In case phone, fax, e-mail, FedEx or text messages are too easy, fast and cheap for your liking, it's good to know you can still send a telegram.
Yes, you can send actually send someone a telegram, that is, a message sent via telegraph lines formerly owned by Western Union. For $18.95, you can send up to 100 words to a friend or a loved one, and it will arrive in a mere two to four business days.
And yes, you can order the telegram online. This is easily the worst business model I have heard of since Miller Clear.
iTelegram, which apparently took over Western Union's service, offers this unusual pitch: "Even in today's world of mobile phones, text-messaging and e-mail, telegrams are still the thing that gets read first. People use them for cancelling (sic) contracts, contacting government officials and VIPs, social milestones such as weddings and graduations -- or just to say 'hello' in a unique way."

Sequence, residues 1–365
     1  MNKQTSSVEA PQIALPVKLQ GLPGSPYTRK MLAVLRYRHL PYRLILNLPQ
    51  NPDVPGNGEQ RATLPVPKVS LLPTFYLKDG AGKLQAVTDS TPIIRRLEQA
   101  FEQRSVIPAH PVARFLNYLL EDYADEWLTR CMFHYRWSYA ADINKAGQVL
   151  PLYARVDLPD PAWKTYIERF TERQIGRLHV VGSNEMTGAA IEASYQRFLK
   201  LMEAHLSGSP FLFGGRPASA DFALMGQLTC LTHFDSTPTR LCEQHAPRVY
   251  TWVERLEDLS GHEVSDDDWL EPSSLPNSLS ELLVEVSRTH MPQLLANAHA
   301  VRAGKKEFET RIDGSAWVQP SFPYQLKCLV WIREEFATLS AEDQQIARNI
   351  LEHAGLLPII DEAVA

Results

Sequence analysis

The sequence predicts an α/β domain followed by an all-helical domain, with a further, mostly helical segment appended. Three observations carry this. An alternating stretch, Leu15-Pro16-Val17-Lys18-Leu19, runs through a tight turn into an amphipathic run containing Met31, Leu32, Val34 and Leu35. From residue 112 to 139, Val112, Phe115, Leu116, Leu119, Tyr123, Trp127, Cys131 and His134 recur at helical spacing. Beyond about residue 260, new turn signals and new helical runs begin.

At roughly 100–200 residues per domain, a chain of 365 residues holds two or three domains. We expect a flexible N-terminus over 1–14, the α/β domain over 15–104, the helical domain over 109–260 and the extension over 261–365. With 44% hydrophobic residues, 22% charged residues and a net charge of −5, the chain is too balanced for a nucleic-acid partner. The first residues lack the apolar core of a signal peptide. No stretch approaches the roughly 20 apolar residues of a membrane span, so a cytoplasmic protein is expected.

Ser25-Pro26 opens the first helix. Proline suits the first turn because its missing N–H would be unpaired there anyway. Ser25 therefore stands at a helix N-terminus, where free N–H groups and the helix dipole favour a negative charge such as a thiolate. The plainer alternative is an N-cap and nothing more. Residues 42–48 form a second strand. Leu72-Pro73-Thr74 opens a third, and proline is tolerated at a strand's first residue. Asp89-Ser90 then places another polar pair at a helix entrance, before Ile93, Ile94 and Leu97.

By comparison, a Priority Overnight envelope from FedEx costs about the same and obviously isn't limited to 100 words. A fax costs pennies, and an e-mail or text message is just about free. But hey, they don't arrive on a "standard telegram form, office-quality sheet paper or telex roll paper that will last for decades."
Apparently, the U.S. Postal Service is also setting up a Web site where you can type a letter to someone, and they'll print it out, stuff it in envelope and mail it.
Anyway, now you know: telegrams, for some reason, still exist. Check it out for yourself at itelegram.com. STOP.
Telegrams were totally the Twitter of the 19th Century! Stop.
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